A system of ‘cannabis cards’ for medicinal users which will effectively decriminalise the drug is being backed by police chiefs.
Around three and a half million people with health conditions will be allowed to use the card under the proposal, according to The Times.
Those with cancer, depression, epilepsy and multiple sclerosis will be eligible to use it and will identify them as a ‘registered medical cannabis patient’.
It will prevent them being slapped with a fine or five-year prison sentence for buying cannabis on the black market for their condition.
Medical cannabis has been legal in the UK for nearly two years. But due to strict rules, only a handful of people have been given an NHS prescription.
Currently, it is believe more than a million people in the UK buy cannabis illegally to self-medicate.
Police chiefs say they are trying to ensure the card is not exploited by organised crime, but it is not clear yet how this would be done.
Patients who have been authorised to use medicinal cannabis for their conditions will not face arrest following the introduction of a new card which has received the backing of police
Medical cannabis has been legal in the UK for nearly two years, though only a small number of people have received an NHS prescription for the drug
And it will mean police officers have a justification for not arresting them when they are in possession of cannabis.
The plan is being backed by the Police Federation of England and Wales and the National Police Chiefs Council is working with the organisers of the cards to design and implement it.
Patients who use cannabis to relieve pain from their medical issues find themselves being arrested for possession of the drug.
Only a small number of people – thought to be less than 100 – have been given an NHS prescription for medicinal cannabis since it was legalised in November 2018.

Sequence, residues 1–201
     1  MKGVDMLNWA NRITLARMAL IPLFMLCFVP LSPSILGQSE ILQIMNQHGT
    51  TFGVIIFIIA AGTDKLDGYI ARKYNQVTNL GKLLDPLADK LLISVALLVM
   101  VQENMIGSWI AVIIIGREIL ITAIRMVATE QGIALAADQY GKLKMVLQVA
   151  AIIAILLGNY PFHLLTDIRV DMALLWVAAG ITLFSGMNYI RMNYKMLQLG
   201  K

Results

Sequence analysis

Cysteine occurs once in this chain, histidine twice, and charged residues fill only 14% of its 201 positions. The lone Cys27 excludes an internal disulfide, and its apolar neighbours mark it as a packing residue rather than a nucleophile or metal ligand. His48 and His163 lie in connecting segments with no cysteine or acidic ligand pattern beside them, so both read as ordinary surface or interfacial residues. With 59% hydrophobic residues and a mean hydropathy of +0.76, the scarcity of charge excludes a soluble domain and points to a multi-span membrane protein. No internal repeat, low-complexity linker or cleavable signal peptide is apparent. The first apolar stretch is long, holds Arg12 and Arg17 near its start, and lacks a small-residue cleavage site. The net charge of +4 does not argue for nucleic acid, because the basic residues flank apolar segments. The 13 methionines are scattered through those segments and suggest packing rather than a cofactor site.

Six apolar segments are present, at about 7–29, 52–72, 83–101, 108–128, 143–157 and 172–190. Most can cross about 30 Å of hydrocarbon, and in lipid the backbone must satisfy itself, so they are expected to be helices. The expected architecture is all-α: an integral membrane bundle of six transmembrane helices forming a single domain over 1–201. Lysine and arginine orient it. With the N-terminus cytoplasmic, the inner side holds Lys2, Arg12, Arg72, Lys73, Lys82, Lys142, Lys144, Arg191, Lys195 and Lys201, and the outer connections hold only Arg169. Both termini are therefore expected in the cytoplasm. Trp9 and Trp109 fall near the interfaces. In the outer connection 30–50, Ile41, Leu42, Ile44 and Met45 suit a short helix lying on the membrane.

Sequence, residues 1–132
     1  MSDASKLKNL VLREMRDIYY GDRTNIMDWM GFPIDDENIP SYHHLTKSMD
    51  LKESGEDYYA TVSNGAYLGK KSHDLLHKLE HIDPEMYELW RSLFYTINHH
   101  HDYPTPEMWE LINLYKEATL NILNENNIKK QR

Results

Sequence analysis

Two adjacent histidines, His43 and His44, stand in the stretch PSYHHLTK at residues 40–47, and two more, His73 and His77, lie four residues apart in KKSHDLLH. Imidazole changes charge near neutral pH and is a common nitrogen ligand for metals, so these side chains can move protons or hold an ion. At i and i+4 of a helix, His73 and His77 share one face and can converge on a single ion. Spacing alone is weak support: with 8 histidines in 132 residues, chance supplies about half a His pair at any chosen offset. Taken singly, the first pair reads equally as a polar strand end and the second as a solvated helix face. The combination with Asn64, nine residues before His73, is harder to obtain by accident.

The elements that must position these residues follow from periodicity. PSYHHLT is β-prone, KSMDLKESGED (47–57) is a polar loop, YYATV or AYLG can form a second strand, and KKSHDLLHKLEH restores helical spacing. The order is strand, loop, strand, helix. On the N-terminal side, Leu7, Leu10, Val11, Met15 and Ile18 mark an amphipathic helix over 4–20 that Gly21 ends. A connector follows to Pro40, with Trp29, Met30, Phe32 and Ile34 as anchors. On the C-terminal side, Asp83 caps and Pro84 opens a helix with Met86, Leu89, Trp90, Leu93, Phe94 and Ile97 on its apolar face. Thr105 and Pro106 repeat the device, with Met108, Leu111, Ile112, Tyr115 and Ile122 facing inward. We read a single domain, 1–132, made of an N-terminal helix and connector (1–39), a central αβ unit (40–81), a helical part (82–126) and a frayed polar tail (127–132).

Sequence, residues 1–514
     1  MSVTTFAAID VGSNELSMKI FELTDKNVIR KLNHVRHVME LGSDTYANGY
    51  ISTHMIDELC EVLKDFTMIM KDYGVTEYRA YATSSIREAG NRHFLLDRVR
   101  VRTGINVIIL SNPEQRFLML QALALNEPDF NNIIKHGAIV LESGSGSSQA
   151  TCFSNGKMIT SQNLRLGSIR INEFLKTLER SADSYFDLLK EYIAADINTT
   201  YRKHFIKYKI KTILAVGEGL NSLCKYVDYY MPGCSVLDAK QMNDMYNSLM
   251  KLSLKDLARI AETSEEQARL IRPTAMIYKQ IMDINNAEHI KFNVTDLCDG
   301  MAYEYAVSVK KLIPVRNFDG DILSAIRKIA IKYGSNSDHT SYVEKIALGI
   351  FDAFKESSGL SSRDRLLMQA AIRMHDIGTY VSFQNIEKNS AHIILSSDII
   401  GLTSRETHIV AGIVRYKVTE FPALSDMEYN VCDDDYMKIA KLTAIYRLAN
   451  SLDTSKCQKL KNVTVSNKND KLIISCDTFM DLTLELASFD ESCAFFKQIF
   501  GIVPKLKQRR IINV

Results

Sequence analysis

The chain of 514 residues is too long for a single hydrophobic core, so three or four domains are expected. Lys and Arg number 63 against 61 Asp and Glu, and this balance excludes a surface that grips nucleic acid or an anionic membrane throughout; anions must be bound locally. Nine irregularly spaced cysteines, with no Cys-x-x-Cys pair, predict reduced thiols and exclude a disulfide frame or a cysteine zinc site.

Epidiolex, for children and adults with epilepsy, nabilone, for chemotherapy patients, and Sativex, for people with MS-related muscle spasticity, are considered licensed cannabis-based medicines.
All other cannabis-based medicines are unlicensed and often referred to as ‘specials.’
The decision to prescribe the cannabis-derived medicines must be made by a specialist doctor – not a GP, the Government rules.
The cost of a private consultation has priced many out of the option of legal cannabis. So they turn to the black market.
Last year, a YouGov survey found that almost three per cent of the adult population, 1.4 million people, were using cannabis for a medical condition.
A further two million who are not using the drug may be eligible for the card, the research suggested.
Those without a prescription and caught in possession of the drug face a five-year prison sentence as well as an unlimited fine. The dealer can face 14 years in prison.
The cannabis card, also referred to as CanCard, is set to be introduced in as private scheme November and will give people who need medical cannabis but cannot afford a prescription support in order to avoid arrest.
Simon Kempton, of the Police Federation, told The Times: ‘Our members didn’t join the police to lock up these people